Mascaro’s Cafe at 752 Boston Road in Springfield, on March 21, 1939. Image courtesy of the Springfield Building Department.
The scene in 2019:
This lot at the northeast corner of Boston Road and Harvey Street has been developed since at least 1910, when a house appears here on that year’s city atlas. By the mid-1910s, the property was owned by Pietro Mascaro, an Italian immigrant who lived here with his wife Lena and their sons Antonio and Frank. He died in 1916, but the family continued to own this property for many years, and they operated several different businesses here.
By the time the first photo was taken in 1939, the property had been expanded far beyond the original house, which is barely visible in the distance on the left, behind the Coca Cola sign. At some point around the 1920s, two storefronts were added to the front of the house, along with a gas station on the other side of it, which was run by Frank Mascaro. Then, probably sometime in the late 1920s or 1930s, this section was built further to the east of the house, at the corner of Sewall Street. Unlike the earlier storefronts on the far left of the first photo, which were built up to the sidewalk, most of this section was set back from the road. This was presumably done to allow room for parking, reflecting the growing importance of automobiles by this time.
Although there are no names of businesses visible in the first photo, this section of the building appears to have had at least two different occupants at the time. On the far right side is some sort of a convenience store, with advertisements for Philip Morris, Salada Tea, Orange Kist, and other products visible near the entrance. To the left of it, marked by a Hampden Ale sign, is a bar, which is also variously described as a cafe, a dance hall, a roadhouse, and a tavern in city directories and newspapers of the period. It had been in business as early as 1933, in the final year of Prohibition. Antonio Mascaro received a beer license in May of that year, a little over a month after the passage of the Cullen–Harrison Act, which legalized low-alcohol beer.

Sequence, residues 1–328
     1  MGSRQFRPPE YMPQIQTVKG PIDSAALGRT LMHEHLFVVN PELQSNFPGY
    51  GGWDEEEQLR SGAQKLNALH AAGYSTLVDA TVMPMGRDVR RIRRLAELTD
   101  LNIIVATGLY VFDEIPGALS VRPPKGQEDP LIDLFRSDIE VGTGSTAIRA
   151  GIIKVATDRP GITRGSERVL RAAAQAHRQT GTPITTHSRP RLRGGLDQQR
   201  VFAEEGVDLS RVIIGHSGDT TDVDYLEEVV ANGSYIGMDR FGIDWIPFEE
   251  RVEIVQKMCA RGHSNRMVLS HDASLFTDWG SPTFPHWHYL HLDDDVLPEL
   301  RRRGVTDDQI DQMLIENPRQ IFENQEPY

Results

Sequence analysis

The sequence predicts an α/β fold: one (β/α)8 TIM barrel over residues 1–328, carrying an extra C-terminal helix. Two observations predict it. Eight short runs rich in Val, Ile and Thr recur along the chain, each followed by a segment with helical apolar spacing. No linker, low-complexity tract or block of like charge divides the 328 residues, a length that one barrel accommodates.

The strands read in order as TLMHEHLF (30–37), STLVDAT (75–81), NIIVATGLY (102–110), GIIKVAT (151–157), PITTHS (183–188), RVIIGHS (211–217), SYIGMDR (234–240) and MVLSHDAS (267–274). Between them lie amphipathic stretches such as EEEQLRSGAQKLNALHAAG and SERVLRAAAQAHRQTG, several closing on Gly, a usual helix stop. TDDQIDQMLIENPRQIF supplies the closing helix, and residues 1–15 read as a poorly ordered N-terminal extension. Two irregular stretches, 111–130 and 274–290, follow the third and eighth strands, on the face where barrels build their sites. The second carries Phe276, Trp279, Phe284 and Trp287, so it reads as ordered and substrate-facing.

Just beyond the building on the far right side of the photo is the house at 22 Sewall Street. At the time it was the home of Antonio Mascaro, his wife Josephine, and their children Rosemary and Peter. He operated the bar, which came to be known as Mascaro’s Cafe, for many years, until his death in 1957 at the age of 67. His son Peter then took over the business and ran it for more than 25 years, before selling it to Mattie’s Cafe in 1984.
Today, more than 80 years after the first photo was taken, this scene has undergone considerable changes. On the far left, the old house has long since been demolished, along with Frank Mascaro’s gas station and the two storefronts, and they were replaced by a more modern gas station. The former Mascaro’s Cafe building in the center of the scene is still standing, and it is still in use as Mattie’s Cafe, although it looks very different from its appearance in 1939. It is difficult to tell exactly when these renovations occurred, but they likely happened around the mid-20th century, and the work included bricking up the windows on the left side, along with adding a new brick facade to the front of the building. Overall, the only building that remains largely the same from the first photo is Antonio Mascaro’s former house on Sewall Street, which still stands on the far right side of the 2019 photo.